Champions Tour golfer Ken Green, who was injured in a recreational vehicle crash in Mississippi that killed his brother and girlfriend, will have his lower right leg amputated, his agent said Sunday.
Kevin Richardson said Green is struggling with the "double whammy" of the deaths and his own career-threatening injuries.
"Initially they were hoping to save the leg, but as the days went on it became apparent there was too much structural damage," Richardson said in a phone interview with The Associated Press.
Richardson said doctors will remove his leg below the knee Monday after determining it would take two years of surgery to repair a limb that wouldn't function well before Green could walk again. He also will need a surgery to repair damage to a suborbital bone in his face. The 50-year-old also has a cut about 6 inches long on the left side of his head "that's troublesome."
Green, his brother, William Y. Green, of Indiantown, Fla., and his girlfriend, Jean Marie Hodgin, of Greensboro, N.C., were traveling east in a recreational vehicle on Interstate 20 last Monday from Austin, Texas, where Green played in a tournament last weekend, when a tire blew out near Hickory, Miss. The RV went off the road, down an embankment and into a large oak tree, destroying the front of the vehicle.
The Mississippi Highway Patrol said Ken Green was driving, but Richardson said Green remembers being in the back of the RV when the tire blew out.
"He was in the back and he heard a noise and felt something," Richardson said. "He got up and was in the process of walking forward, and that's all he remembers."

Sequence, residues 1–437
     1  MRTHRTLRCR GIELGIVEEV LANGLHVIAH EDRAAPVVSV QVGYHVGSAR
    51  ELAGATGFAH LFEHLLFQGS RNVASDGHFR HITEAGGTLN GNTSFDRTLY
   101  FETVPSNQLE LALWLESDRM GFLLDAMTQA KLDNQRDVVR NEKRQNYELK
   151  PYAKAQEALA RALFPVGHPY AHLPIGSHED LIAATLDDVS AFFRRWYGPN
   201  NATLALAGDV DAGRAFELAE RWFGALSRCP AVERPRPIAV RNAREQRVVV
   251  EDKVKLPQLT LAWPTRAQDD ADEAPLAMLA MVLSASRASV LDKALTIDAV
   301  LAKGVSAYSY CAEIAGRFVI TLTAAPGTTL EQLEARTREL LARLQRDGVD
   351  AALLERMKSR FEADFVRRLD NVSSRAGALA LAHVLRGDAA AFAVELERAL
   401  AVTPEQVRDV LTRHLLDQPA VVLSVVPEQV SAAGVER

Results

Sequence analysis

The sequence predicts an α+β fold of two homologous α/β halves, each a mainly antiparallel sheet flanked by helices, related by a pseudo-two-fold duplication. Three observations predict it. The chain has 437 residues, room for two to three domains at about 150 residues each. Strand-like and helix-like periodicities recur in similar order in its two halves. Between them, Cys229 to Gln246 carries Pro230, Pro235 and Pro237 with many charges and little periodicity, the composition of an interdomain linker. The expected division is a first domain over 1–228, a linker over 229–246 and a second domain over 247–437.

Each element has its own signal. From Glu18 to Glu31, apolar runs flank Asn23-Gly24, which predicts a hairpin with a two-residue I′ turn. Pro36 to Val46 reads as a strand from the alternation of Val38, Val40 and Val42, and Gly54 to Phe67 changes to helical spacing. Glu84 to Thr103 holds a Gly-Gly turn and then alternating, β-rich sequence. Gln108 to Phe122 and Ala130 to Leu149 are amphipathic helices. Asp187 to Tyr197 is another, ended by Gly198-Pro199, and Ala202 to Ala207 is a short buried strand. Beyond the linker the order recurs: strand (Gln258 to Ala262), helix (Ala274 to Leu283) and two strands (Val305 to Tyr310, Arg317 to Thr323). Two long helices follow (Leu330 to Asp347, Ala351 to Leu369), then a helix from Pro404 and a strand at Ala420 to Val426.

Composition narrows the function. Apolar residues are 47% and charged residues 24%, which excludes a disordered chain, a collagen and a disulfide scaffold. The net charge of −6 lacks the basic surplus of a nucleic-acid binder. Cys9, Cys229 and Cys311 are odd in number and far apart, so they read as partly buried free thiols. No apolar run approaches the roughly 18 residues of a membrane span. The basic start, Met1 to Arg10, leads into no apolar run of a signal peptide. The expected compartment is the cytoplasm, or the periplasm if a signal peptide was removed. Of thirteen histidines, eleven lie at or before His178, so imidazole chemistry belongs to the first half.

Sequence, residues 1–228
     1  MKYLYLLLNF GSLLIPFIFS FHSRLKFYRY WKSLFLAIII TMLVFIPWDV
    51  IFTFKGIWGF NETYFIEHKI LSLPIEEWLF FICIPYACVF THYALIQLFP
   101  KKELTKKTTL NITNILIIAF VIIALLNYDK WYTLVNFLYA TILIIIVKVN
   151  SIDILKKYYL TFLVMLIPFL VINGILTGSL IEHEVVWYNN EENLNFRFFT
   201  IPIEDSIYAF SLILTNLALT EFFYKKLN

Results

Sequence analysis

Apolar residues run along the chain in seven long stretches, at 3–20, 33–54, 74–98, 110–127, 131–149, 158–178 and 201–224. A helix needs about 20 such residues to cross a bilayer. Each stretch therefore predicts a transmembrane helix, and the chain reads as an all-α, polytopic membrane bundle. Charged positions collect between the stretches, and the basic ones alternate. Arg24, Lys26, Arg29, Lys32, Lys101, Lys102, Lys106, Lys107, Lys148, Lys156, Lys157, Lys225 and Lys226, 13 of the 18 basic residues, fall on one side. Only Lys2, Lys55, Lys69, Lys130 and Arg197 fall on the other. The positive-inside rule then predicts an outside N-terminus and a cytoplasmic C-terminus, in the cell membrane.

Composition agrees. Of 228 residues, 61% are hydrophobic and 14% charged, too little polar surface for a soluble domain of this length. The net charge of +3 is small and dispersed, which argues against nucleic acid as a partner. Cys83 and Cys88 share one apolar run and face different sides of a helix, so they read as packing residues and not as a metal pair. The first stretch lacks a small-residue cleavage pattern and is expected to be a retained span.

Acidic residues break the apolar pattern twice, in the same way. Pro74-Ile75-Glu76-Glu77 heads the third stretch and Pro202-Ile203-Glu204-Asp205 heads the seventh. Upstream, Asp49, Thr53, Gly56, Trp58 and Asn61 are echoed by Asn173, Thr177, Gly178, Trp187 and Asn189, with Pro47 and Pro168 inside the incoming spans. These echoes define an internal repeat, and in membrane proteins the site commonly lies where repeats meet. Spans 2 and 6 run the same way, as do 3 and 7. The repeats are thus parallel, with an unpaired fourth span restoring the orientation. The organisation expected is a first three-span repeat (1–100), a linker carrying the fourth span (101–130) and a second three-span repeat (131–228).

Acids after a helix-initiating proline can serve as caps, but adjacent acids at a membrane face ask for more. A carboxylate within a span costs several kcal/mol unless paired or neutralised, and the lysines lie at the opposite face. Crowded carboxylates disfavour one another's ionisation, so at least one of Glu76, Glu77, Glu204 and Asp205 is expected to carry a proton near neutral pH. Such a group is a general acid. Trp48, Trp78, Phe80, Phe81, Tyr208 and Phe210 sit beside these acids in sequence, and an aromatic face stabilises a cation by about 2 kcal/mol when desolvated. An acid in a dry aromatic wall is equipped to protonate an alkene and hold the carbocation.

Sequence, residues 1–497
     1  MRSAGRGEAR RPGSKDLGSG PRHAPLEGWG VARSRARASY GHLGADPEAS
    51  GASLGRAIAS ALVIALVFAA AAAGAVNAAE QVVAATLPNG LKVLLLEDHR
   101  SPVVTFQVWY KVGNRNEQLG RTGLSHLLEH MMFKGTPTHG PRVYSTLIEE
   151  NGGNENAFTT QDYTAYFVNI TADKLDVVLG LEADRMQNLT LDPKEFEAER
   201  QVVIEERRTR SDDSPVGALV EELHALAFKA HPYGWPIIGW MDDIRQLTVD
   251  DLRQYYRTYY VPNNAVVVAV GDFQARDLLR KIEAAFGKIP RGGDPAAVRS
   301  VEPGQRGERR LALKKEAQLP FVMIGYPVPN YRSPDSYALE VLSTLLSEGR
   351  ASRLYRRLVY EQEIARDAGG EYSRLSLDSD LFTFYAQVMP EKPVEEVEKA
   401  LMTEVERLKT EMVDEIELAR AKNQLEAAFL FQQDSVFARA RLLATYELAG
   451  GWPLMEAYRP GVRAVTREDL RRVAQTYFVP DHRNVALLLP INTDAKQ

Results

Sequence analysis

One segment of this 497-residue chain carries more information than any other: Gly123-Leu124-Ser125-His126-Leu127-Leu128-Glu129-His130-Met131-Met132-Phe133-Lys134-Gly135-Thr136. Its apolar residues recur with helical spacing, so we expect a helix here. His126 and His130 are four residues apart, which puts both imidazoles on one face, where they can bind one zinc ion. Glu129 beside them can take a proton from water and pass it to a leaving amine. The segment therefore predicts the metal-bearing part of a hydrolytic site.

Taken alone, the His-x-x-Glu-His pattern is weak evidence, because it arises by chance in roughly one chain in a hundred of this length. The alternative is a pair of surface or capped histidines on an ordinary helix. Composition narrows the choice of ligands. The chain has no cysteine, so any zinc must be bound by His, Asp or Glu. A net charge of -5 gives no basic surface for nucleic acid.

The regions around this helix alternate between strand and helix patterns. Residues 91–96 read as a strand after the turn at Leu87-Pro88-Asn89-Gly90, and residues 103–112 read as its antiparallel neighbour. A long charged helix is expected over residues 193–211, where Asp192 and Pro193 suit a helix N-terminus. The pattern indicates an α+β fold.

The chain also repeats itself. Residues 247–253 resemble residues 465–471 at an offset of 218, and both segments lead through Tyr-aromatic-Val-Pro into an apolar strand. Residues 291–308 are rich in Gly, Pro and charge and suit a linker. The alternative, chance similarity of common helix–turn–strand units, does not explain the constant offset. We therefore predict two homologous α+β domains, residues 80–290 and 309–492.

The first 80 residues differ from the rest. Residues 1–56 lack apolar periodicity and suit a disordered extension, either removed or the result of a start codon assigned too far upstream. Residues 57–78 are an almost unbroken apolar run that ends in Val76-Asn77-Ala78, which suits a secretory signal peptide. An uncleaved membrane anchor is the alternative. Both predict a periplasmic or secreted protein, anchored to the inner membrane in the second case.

Green's dog, a German shepherd named Nip, also died. Richardson said the loss of those closest to him and the nature of his injuries has been difficult for Green.
"It's a double whammy if there ever was one," Richardson said.
Green was a five-time winner on the PGA Tour with $3.7 million in career winnings and 44 top 10 finishes when mental problems left him helpless on the golf course. He has talked openly of critical children's voices in his head that scuttled his concentration and left him contemplating suicide as he struggled to stay on the tour.
He joined the Champions Tour for players 50 and older last year and has played well. He's 54th on the money list with $123,906 in 11 appearances this year.
Green is using a goal to return to competitive golf with the help of a prosthetic limb to get through the ordeal, Richardson said.
"That is his primary, if not his single goal right now _ to get back out and play golf, and God willing at a competitive level," Richardson said. "He would be the first."